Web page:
If you don't remember your password, you can reset it by entering your email address and clicking the Reset Password button. You will then receive an email that contains a secure link for resetting your password
If the address matches a valid account an email will be sent to __email__ with instructions for resetting your password
When left untreated, distal radioulnar joint (DRUJ) instability leads to prolonged wrist pain and weakness during pronosupination. Current treatment options are technically demanding and result in mixed outcomes. This study used a synthetic bone model to evaluate the potential of using a suture button to stabilize the DRUJ and find its optimal configuration.
A suture button was placed between the radius and ulna of a synthetic bone model with DRUJ instability. The suture button was placed straight across or in an oblique orientation while the forearm was in 60° of pronation, neutral, or 60° of supination for 6 configurations. The range of motion, dislocation events, dorsal translation, volar translation, and gaps between the radius and ulna were measured and compared among these 6 configurations.
Full range of motion (ROM) was achieved in all configurations except for suture buttons placed while the forearm was in 60 pronation. Obliquely placed suture buttons led to more dislocations than straight across suture buttons. The 2 configurations that offered full ROM with the greatest stability were straight across 60° supination and straight across neutral configuration, with the supinated configuration slightly improving stability.
In this model, suture buttons restored DRUJ stability while maintaining full ROM, indicating that suture buttons have the potential to be used as a treatment option for stabilization of DRUJ. The optimal configuration of a suture button is likely in the straight across 60° supinated configuration, as it provides the greatest stability without sacrificing ROM compared with the other suture button configurations.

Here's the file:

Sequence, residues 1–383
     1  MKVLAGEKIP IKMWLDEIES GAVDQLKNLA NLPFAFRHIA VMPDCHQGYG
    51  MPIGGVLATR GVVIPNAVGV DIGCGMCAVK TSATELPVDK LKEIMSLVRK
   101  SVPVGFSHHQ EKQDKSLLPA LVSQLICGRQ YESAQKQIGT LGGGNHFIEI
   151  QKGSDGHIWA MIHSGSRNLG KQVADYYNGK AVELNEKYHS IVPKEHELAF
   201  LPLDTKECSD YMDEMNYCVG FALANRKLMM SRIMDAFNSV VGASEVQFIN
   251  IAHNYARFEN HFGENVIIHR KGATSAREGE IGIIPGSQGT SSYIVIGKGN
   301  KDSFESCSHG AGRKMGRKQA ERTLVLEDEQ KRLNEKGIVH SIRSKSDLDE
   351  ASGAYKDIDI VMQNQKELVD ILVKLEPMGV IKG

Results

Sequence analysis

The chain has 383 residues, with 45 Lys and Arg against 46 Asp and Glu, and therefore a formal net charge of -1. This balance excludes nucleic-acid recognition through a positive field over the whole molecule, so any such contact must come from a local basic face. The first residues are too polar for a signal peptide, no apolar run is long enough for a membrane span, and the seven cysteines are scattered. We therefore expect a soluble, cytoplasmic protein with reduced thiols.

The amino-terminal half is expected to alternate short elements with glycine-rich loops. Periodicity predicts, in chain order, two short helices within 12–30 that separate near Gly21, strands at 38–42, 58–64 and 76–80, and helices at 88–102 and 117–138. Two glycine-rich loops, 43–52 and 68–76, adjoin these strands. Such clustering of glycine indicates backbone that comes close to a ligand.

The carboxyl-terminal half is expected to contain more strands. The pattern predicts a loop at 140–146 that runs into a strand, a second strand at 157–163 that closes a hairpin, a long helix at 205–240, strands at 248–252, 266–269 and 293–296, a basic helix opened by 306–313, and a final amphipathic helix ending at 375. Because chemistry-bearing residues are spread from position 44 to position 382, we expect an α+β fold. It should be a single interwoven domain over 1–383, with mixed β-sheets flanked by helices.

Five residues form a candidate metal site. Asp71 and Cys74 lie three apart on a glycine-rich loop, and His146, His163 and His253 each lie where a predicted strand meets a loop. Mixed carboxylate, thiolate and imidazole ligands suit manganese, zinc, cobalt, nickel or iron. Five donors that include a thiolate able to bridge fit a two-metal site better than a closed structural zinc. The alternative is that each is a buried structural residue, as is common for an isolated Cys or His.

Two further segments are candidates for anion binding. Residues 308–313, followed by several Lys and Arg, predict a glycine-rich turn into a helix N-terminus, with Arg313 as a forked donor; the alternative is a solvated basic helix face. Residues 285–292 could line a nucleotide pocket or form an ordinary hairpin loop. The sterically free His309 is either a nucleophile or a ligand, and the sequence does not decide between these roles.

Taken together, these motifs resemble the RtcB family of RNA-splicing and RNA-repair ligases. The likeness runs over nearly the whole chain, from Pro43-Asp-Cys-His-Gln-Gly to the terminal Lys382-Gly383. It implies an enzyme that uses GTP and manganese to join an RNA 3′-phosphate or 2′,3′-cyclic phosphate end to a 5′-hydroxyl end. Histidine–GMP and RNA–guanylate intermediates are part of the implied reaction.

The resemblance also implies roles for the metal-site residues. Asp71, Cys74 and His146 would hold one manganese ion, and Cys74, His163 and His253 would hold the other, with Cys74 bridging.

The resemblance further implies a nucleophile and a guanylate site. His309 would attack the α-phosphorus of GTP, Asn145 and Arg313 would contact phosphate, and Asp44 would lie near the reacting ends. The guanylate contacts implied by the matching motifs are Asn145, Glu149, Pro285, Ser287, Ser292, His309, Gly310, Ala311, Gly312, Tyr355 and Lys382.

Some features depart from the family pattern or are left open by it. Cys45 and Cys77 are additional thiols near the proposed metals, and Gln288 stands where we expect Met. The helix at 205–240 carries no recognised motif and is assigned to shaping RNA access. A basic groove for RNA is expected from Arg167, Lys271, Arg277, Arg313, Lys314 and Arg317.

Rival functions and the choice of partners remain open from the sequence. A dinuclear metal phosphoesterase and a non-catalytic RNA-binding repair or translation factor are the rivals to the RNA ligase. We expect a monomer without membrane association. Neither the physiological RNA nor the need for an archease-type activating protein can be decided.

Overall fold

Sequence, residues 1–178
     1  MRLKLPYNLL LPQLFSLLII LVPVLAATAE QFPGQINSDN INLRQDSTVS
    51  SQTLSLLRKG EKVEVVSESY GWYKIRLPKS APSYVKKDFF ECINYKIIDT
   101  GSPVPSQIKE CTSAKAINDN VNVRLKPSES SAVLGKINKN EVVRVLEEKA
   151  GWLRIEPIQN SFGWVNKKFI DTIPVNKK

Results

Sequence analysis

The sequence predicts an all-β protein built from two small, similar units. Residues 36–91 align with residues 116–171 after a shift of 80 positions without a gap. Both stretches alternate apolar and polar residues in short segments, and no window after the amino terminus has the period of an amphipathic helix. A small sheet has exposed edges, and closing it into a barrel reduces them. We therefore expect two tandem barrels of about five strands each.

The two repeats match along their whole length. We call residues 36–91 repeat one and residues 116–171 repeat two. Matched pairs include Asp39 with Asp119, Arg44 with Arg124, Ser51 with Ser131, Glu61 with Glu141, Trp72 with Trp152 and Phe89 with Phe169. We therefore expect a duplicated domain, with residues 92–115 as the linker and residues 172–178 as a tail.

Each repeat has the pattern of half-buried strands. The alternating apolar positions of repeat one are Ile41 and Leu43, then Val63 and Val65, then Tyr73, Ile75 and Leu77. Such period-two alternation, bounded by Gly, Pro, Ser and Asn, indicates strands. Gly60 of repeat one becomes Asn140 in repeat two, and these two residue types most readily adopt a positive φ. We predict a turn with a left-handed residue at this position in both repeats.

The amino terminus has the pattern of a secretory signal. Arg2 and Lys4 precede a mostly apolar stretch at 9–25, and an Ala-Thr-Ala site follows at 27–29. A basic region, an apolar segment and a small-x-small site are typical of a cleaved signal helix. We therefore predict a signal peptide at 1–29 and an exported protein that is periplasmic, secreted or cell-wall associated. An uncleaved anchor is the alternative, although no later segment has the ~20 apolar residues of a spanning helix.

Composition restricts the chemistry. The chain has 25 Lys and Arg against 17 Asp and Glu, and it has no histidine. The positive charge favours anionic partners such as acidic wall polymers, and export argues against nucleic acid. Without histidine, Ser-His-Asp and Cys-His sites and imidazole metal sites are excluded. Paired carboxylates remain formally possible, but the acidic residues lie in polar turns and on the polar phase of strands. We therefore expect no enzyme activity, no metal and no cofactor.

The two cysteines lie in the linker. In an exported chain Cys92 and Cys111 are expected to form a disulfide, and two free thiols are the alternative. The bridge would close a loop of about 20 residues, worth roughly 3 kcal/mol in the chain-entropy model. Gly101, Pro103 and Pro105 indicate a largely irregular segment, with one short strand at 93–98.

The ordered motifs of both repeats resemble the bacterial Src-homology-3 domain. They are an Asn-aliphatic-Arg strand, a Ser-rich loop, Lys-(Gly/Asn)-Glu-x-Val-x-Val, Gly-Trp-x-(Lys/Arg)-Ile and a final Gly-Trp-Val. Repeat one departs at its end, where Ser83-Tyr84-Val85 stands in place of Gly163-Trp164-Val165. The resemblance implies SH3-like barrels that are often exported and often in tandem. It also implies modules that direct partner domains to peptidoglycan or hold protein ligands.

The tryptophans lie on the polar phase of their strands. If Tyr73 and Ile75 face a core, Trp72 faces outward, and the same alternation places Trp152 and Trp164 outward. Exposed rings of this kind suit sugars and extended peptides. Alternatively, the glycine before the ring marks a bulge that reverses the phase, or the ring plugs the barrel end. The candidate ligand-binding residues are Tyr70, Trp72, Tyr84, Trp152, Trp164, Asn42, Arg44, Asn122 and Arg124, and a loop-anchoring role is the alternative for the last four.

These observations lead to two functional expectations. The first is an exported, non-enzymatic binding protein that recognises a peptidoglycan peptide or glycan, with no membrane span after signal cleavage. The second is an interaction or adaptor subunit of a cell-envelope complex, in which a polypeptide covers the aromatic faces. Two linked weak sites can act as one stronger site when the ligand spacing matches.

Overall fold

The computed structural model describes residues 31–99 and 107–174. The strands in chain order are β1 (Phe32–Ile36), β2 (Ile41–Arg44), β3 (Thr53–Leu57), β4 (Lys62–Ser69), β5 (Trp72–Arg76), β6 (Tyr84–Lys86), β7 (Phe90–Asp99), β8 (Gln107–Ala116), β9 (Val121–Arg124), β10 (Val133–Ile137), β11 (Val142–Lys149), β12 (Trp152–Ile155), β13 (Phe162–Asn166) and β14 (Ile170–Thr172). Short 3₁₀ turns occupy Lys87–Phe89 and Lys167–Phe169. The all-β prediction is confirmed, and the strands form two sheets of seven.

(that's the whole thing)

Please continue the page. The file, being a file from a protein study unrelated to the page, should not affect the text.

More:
Additional treatment options for the stabilization of DRUJ are needed. Suture buttons may be of use.
Distal radioulnar joint (DRUJ) instability has traditionally been associated with Galeazzi fractures of the forearm. However, recent studies have found that DRUJ instability also occurs with common distal radius fractures, with an incidence between 7% and 35%.
Although using a suture button is a potential solution for DRUJ instability, the optimal configuration for a suture button has not been elucidated. The purpose of this study was to compare the stability and range of motion (ROM) provided by a suture button in an unstable DRUJ bone model when placed in various configurations. The primary outcomes of this study are the ROM and stability of the DRUJ after being stabilized with a suture button construct. The hypothesis of this study was that a neutral straight across suture button configuration would allow full ROM and provide the most stability for any of the suture button configurations tested. Although preliminary, this study is a starting point for future cadaveric studies and clinical investigations.